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Uttarakhand villagers set fire to farm land to keep prowling leopard at bay

Villagers in Bageshwar district set on fire the crop residue on nearly four-hectare agriculture land, timely action by officials prevented the fire from spreading to adjoining reserve forest area

dehradun Updated: Nov 17, 2017 16:29 IST
Nihi Sharma
Nihi Sharma
Hindustan Times
Man-animal comnflict,Farm fire,Forest fire
Experts claim that leopards travel far in search of mate and territory, often foraying into human habitation, leading to the conflicts.(HT Photo)

To keep prowling leopards at bay, villagers in Uttarakhand’s Bageshwar district set on fire the crop residue on nearly four-hectare agriculture land adjoining the reserve forest area late Thursday night.

Timely action by forest officials, however, prevented the fire from reaching the forest area or damaging the trees.

Locals claimed that a female leopard with its two cubs has made home in the bushes near near Majiakhet village in Bageshwar, some 300 km from state capital Dehradun. Within a fortnight the animal has lifted over a dozen cattle, they claimed. The villagers now fear that the big cat may attack them.

On Thursday, around 8 pm, locals again saw the leopard near the bushes and set fire to the grass and the crop residue in the agricultural farms to shoo the animal away. Due to winds, the fire spread quickly and reached the edge of the reserve forest. However, forest officials claim no harm was done to the trees in the forest area.

“The ranger came to know about the incident about 9 pm. He reached the spot and controlled the fire before it could pose any danger to the forest,” BS Sahai, assistant conservator of forest (ACF), Bageshwar told Hindustan Times.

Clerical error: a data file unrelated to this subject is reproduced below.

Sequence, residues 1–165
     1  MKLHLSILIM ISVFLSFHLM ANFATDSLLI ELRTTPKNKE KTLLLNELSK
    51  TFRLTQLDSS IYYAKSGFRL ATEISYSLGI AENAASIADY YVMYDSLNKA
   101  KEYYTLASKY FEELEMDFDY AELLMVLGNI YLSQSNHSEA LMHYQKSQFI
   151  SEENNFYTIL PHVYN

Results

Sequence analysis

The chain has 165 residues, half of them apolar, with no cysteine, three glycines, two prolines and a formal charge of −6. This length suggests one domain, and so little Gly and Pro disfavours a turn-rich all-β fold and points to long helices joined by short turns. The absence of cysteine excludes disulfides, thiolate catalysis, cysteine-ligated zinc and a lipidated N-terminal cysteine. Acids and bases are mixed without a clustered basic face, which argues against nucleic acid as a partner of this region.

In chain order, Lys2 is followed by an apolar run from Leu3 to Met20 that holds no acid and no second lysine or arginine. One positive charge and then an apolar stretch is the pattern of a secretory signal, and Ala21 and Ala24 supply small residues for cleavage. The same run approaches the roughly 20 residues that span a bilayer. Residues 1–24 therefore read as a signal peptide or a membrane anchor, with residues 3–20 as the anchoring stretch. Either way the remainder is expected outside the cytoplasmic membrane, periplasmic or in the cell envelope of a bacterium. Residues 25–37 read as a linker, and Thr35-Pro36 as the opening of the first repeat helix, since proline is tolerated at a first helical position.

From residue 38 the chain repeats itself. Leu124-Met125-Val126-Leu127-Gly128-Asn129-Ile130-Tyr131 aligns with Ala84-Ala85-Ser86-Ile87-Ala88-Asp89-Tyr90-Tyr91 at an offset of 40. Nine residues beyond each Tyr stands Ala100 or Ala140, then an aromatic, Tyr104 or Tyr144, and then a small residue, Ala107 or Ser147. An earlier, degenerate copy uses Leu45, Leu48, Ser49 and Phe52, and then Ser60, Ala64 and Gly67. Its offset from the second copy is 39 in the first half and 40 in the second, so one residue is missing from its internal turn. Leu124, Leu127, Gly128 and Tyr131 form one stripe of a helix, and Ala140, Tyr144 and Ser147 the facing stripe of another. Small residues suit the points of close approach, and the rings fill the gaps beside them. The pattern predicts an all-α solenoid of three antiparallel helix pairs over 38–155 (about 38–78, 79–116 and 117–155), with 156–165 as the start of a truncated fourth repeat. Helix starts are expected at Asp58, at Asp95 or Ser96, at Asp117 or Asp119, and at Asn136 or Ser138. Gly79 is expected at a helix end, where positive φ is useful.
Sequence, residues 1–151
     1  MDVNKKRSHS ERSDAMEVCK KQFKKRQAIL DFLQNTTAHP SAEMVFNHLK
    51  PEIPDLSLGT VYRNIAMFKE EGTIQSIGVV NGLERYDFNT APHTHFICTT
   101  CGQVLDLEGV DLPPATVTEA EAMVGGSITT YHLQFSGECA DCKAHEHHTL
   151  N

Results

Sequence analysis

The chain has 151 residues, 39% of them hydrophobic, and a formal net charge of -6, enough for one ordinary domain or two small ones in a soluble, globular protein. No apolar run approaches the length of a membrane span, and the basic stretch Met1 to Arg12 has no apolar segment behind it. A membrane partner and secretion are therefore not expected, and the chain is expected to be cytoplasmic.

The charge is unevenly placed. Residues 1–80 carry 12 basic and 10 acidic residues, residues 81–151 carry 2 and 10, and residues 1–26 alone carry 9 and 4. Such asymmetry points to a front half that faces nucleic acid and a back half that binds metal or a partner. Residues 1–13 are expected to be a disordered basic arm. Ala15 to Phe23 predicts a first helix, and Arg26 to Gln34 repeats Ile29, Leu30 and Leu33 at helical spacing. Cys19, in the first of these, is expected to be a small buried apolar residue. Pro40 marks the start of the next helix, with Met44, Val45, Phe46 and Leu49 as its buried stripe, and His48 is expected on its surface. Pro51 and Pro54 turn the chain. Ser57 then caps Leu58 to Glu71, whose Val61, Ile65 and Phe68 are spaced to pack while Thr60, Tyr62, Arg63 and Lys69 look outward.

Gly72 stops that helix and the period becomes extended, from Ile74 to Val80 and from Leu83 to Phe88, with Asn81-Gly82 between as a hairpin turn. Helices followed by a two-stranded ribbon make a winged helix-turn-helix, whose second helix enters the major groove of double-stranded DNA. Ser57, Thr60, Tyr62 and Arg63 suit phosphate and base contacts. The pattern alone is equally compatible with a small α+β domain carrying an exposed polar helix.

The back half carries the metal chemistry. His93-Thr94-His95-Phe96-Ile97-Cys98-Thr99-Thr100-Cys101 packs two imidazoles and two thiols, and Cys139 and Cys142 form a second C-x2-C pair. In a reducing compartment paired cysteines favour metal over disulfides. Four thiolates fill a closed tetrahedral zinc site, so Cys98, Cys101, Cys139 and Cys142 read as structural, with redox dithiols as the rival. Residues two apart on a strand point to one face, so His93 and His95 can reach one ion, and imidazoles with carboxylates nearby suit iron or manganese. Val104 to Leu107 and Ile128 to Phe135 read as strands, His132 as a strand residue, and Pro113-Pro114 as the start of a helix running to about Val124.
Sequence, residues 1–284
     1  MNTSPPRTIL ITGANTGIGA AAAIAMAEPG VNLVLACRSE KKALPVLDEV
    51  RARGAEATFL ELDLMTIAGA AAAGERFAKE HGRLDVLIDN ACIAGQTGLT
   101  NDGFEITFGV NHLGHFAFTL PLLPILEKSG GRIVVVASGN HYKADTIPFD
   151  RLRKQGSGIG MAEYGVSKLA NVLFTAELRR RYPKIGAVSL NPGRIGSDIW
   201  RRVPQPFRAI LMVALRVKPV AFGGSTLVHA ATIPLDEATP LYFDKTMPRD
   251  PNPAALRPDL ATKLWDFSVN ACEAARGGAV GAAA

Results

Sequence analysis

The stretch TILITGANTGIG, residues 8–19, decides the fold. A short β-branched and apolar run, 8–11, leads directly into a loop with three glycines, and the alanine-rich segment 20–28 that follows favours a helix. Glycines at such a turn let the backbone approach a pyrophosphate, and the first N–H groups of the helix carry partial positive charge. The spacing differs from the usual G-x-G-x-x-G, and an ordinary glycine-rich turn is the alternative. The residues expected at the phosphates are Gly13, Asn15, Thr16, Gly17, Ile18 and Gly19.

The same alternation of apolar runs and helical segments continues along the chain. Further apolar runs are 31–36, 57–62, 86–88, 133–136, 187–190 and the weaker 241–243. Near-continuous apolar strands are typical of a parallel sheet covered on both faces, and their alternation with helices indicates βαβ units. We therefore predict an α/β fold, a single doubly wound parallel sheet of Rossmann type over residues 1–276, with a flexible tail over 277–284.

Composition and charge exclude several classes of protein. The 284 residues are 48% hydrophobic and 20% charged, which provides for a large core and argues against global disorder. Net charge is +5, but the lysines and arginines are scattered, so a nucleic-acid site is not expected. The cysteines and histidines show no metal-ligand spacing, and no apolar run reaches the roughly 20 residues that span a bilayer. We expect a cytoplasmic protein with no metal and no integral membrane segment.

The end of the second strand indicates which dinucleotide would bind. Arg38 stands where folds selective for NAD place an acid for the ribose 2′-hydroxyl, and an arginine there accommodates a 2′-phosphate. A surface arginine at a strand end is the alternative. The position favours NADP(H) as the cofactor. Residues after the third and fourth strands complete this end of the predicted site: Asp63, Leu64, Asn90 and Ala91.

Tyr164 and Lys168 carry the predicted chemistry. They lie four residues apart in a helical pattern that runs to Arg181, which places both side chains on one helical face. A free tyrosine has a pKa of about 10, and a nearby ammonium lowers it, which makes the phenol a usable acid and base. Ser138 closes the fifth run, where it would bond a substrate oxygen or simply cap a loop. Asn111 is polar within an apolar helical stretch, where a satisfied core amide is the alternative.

Following the incident, the forest department has put a cage near the village.

Anita Rawat, a Majiakhet resident, told HT over phone that they had in the past requested the forest officials several times to set up a cage there. “We had been demanding a cage, but the department kept ignoring our plea. To avert any attack on people, the villagers put farmland on fire,” she said.

Officers claim that installing a cage is not an easy owing to the stringent Wildlife Protection Act, 1972. Under the Act, the officers have to seek permission from the chief wildlife warden for setting up a cage. A month ago in Almora, despite request from residents of a village where a leopard had attacked two women, officers did not install a cage. It was only after the intervention of local MLA that the cage was put up.

Home to two tiger reserves with another two in the pipeline, Uttarakhand has the second highest population of tigers in the country. The state is also home to a large number of leopards. The state sees a spurt in man-animal conflict across its hilly terrains during winter season. In the past 17 years, the big cats have killed over 600 people, averaging nearly 35 people per year, and injured over 3,000. The conflict rate is highest in the country, claim activists. Experts claim that leopards travel far in search of mate and territory, often foraying into human habitation, leading to the conflicts.

Before Nainital High Court in December last year put a ban on declaring big cats as man-eaters, nearly 150 leopards were given the tag in the state since its formation in 2000. Of these, 35 were killed, 40 were captured and released in the wild.

Even though a stay has been taken on the order, the officials have remained cautious of declaring the big cats as man-eaters. “We cannot declare an animal a man-eater unless human casualties are reported,” Digvijay Singh Khati, chief wildlife warden, said.

First Published: Nov 17, 2017 16:28 IST